But it was exceptionally cold. I wore many layers and my core was okay but my feet suffered. As the day wore on it didn't warm up past about 5C but it was enough for the places that got sun to become mush and we were sloshing around by early afternoon. My outside ugg boots got soaked and kept my feet cold.



We walked down the road to see some local lava caves, formed during Mt Fuji's explosion in the 800s. A bit sobering as we realised we were camping at the foot of the giant mountain (though we couldn't see it due to a small mountain between us and it). The caves were pretty cool, however. Just the thing even big boys could enjoy.
Lava cave.
Though most of us weren't prepared for wet
snow, our youngest was, with all his plastic
snow gear and he had fun building snow creations.

As we began to lose light at 4.30 we started dinner (simple hot dogs) with the goal of getting to the bath then bed (and getting our feet into dry socks) as soon as possible.

I think late afternoon as the temperature dipped again was the worst I felt, almost nauseous at times. However, despite what you may suspect we had happy campers 95% of the time. One of the keys was lots of food and frequently!

Our second morning wasn't as cold but neither was it as pretty. The sky was mostly grey and much of the pretty snow had melted or turned into grey mush.

Everything outside was covered in frost and inside the
tent everything that hadn't been touched by the water
seeping up through the holes in the floor was covered in
condensation.
We took our time packing up and it was a little complex as almost everything was wet, inside and out. We had huge puddles inside the tent but amazingly our bedding was protected by an aerobics mat and thin silver-coated foam that we'd put down for insulation from the ground.

Our trip home was all autumn again. Like the clock had been wound back! 
Autumn leaves on the way home.


People may think we're crazy but we weren't out there alone. There were several other campers, including several who arrived well into the evening on Friday and set up completely in the dark. There were people fishing, even water skiing. As we packed up on Saturday a guy came with his two large parrots and set them up with a playground then put up his tiny tent beside them! If we're crazy, we've got plenty of company in Japan!

These two older guys set up in the dark after we went to bed on Friday night.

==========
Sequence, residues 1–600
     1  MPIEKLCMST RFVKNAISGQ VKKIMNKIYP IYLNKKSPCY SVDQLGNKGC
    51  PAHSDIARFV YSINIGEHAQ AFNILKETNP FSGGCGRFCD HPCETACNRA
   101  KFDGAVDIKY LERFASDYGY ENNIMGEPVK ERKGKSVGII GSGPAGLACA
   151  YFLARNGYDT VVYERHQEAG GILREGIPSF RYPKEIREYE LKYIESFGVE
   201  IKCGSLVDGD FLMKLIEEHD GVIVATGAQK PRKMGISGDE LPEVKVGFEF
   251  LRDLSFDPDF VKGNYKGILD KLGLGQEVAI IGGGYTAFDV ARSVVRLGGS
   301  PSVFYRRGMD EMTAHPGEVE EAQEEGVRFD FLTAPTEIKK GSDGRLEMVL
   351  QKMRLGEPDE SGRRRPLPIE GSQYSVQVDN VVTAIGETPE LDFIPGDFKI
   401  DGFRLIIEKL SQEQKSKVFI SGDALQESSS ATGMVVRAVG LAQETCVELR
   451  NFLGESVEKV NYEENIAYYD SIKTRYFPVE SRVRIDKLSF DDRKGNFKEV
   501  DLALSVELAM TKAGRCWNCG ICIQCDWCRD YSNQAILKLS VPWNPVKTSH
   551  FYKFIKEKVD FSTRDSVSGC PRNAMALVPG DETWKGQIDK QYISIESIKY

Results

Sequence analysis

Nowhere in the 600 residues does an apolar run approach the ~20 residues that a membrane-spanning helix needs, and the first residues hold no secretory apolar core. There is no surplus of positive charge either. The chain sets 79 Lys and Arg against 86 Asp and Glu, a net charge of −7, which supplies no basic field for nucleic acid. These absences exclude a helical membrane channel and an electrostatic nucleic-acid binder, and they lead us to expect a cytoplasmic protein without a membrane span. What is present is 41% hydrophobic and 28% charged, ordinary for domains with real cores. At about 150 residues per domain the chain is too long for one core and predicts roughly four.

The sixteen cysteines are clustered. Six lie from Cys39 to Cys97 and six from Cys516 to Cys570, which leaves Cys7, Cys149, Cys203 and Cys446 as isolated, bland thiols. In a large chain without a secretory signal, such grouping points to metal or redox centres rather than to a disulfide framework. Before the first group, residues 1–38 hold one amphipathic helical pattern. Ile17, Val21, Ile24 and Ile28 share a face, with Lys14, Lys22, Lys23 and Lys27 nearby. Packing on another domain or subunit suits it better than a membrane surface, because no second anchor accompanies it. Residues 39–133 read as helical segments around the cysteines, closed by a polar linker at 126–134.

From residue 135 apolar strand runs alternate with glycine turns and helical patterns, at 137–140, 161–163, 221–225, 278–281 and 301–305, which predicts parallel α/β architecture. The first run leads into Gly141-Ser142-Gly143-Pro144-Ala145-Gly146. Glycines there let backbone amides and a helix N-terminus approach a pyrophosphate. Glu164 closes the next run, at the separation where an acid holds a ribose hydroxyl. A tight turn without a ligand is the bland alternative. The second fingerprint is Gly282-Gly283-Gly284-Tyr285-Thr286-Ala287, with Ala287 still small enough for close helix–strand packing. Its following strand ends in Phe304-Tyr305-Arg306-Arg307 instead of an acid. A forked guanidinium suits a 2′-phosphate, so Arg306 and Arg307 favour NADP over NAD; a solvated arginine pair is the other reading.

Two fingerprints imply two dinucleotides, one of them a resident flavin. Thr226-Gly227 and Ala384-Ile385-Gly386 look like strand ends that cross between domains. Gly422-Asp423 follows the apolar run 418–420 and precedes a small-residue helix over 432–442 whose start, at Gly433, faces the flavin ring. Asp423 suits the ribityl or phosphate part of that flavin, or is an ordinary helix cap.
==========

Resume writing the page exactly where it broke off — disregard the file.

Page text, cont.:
We have created some great memories. We'll be talking for a long time about "that time we went camping in the snow"! On our way driving down we introduced the boys to "TheFour Yorkshireman" skit by Monty Python. Our guys now have their very own "you're lucky . . . . remember the time Mum and Dad took us camping in the snow". I personally will treasure conversations had while we washed up (one adult paired with one kid makes for great conversation) and while huddled around the campfire trying to warm our hands and feet.


On Thursday evening when we were nearly set up I realised that everyone was in high spirits. After living with guys for the last 19 years I've gradually realised that guys love to be challenged, especially a physical challenge. Even if you have to boot them into the challenge, they love pitting themselves against the odds and coming out a winner. That is what we've done this time. We pitted ourselves against extreme weather with less than ideal equipment—our tent is not a winter tent and all our sleeping bags are second-hand, not what you'd take to trekking in Nepal. And we survived, not just survived, but came out the better for it as a family, I believe! 

But just so as we're clear, we never planned to camp in the snow and don't plan on doing it again. But we will camp again at this time of year. Anyone know of a warm place we can camp at within two hours of Tokyo at the end of November?


23 November, 2016

Kids Newsletter for Japan – December edition

Our quarterly kids newsletter. It's free for you to use. Email me if you'd like a bigger version or to be put on our mailing list.



22 November, 2016

We're going camping

Temperatures here are bouncing around, but generally heading south as winter approaches, today was a sunny 20˚C but yesterday was a wet and grey 12˚C. Americans are wishing everyone Happy Thanksgiving (although I was very thankful for a friend on Monday acknowledging that that isn't our family's tradition).

Our annual just-before-winter-starts camping trip approaches this Thursday. This is the fifth time we've been camping at this time of year, but this time we're trying a different campsite. I'm looking forward to getting away from Tokyo and the camping, not so much the fact that it's going to be cold and we'll have no heater or anything substantial between us and the outside temperature except what we're wearing. Oh, but the toilet seats are heated!
This is the campsite. There are mountain bikes for hire as well as canoes.
Also a bat cave nearby and we can go for a drive around the lake too, looking
for scenic spots.
Apparently the view from the campsite (from here)
This lake is one of the "five lakes" around the base of Mt Fuji. Among missionaries here, Lake Yamanaka is the most famous because one mission has some holiday houses there. This lake, Lake Sai, is less commonly known, but equally beautiful if the photos are to be believed.
Mt Fuji is in the middle at the bottom here and Lake Sai above that with an arrow pointing at it.
 This gives you some perspective as to where Tokyo is in relation to Mt Fuji and Lake Sai. We'll only be a bit over 100km from home, but a world away. I'm going to try not to look at email for a whole 48 hours!
Each year I look at the forecast and hope for warmer weather. When it's looking like this I wonder if we're crazy and how I will cope (as I'm the one who feels the cold the most of everyone). But we always do. We'll stuff the car full of blankets and sleeping bags and plenty of good food. All key elements to staying warm. 

This year we also have access to free Japanese-style baths that are open until 10pm as well as in the morning until 10.30am, so I will be bathing just before bed and diving in there warm. If I'm cold on Friday morning I can also have a bath.